Save the Children’s Head of Research Alex Cobham has launched a blog that examines issues of inequality. Named “Uncounted,” the blog has listed topics such as the life expectancy of indigenous peoples, caste and tribal poverty, and female illiteracy as those that reflect society’s marginalization of individuals. At the same time, Cobham applies his inequality motif to tax issues, yet he notes a distinction between being “uncounted” by a lack of power and being “uncounted” by design. The latter “reflects the presence, not the absence of power.”
Indeed, in the latest post, “offshore Trillions and Uncounted Inequality,” Cobham asserts that societies and individuals are actually empowered when suffering from tax-based inequality. Unlike those who suffer from aforementioned social injustices, these people influence policymakers by their tolerance of such inequality. He explains,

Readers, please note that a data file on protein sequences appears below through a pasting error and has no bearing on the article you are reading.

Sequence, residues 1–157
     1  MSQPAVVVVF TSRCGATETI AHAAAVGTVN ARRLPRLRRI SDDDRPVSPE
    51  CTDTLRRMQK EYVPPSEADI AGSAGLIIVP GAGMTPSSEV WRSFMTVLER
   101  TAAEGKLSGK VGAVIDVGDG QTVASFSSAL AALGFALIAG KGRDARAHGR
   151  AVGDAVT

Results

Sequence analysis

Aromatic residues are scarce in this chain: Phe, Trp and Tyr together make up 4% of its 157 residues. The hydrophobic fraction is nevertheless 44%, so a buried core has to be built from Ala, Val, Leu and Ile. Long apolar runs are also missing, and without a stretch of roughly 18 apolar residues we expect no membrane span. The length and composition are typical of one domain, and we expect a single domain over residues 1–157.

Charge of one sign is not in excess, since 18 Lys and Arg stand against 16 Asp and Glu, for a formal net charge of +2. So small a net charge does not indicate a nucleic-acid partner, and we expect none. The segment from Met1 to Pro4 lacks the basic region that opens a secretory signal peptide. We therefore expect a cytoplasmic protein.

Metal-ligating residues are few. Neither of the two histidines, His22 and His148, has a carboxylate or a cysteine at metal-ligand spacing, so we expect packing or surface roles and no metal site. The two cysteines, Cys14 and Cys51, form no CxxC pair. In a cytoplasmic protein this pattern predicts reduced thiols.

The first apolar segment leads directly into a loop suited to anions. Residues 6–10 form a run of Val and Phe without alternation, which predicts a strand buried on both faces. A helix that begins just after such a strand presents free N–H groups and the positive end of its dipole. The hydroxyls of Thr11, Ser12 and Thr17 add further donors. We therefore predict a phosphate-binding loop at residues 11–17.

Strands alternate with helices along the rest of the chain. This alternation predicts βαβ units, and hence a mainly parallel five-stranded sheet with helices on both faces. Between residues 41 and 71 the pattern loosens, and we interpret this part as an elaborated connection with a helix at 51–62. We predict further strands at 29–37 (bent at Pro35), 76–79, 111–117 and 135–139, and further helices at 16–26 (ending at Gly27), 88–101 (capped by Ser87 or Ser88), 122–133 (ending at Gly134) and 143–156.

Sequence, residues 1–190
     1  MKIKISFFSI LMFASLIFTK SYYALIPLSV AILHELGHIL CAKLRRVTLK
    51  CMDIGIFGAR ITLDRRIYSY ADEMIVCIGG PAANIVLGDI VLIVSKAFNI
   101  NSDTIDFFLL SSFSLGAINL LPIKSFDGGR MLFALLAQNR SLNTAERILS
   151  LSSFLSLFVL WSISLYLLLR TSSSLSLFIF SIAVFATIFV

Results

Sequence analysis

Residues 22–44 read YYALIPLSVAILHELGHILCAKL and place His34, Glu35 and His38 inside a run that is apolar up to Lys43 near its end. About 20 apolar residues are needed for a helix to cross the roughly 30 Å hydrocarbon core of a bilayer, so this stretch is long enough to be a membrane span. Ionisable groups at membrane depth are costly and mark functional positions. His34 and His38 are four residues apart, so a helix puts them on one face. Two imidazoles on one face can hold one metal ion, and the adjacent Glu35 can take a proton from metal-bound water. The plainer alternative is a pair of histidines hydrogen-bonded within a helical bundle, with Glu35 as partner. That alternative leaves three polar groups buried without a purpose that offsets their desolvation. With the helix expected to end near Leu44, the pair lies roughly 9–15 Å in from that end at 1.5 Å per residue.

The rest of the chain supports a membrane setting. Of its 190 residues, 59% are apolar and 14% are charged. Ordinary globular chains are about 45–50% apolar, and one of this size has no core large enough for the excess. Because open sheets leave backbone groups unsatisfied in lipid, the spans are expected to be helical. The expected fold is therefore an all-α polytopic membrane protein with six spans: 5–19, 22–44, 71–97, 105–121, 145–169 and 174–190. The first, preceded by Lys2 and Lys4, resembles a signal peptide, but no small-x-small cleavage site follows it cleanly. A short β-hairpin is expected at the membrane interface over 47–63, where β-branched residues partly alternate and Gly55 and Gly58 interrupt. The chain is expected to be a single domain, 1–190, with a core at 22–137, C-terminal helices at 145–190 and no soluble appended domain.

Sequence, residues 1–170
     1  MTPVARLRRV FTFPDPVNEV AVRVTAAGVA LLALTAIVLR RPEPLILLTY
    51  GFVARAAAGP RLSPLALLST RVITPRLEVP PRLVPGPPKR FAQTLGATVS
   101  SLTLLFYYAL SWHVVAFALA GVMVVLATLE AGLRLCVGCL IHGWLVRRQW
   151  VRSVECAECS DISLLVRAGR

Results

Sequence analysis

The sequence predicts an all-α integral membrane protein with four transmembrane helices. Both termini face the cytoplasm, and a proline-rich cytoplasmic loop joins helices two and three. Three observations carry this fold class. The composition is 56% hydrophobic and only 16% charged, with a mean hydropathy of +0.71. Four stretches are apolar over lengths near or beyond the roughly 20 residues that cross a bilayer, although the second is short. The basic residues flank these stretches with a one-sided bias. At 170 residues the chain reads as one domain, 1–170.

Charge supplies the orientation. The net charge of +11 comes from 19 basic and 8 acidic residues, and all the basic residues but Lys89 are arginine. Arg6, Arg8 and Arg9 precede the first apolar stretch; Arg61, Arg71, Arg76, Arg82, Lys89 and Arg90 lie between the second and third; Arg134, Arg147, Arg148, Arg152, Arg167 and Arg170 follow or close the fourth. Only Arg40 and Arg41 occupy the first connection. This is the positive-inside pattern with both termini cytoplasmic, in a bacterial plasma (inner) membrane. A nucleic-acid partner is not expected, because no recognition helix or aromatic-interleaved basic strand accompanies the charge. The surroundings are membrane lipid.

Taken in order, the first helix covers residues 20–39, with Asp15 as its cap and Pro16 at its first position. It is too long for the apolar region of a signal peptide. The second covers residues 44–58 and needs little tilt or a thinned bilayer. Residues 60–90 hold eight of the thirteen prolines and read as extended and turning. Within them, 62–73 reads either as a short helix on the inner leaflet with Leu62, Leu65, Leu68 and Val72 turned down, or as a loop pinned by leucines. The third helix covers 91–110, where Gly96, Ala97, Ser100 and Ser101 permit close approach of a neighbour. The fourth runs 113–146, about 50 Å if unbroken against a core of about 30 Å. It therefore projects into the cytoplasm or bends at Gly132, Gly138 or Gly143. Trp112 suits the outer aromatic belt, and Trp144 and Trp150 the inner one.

“As I’ve argued elsewhere, the evidence from experimental economics suggests that there are two main determinants of people’s tax compliance: the extent of redistribution that actually happens once taxes have been paid, and the perception of others’ compliance. This means that policymakers have a lot of leverage. The more they can ensure the system reduces inequality, for example through effective social protection and reduced losses to corruption, the higher compliance is likely to be. The higher is observed compliance among the most visible (elites and big business), the higher actual compliance more widely is likely to be.”
Cobham’s other posts have focused on Save the Children’s Child Development Index, comparing the 2012 scores to those of the similar UNDP Human Development Index. The Task Force on Financial Integrity and Economic Development’s blog has also featured Cobham, whose posts can be found here.
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